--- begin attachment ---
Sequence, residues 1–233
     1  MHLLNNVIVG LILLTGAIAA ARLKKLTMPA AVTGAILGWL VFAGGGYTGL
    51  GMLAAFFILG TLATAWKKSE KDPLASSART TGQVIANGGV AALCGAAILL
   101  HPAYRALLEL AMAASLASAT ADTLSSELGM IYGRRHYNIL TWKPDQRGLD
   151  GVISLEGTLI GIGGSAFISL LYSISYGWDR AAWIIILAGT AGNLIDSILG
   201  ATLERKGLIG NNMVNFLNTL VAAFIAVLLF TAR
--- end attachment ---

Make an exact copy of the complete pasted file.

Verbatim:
Sequence, residues 1–233
     1  MHLLNNVIVG LILLTGAIAA ARLKKLTMPA AVTGAILGWL VFAGGGYTGL
    51  GMLAAFFILG TLATAWKKSE KDPLASSART TGQVIANGGV AALCGAAILL
   101  HPAYRALLEL AMAASLASAT ADTLSSELGM IYGRRHYNIL TWKPDQRGLD
   151  GVISLEGTLI GIGGSAFISL LYSISYGWDR AAWIIILAGT AGNLIDSILG
   201  ATLERKGLIG NNMVNFLNTL VAAFIAVLLF TAR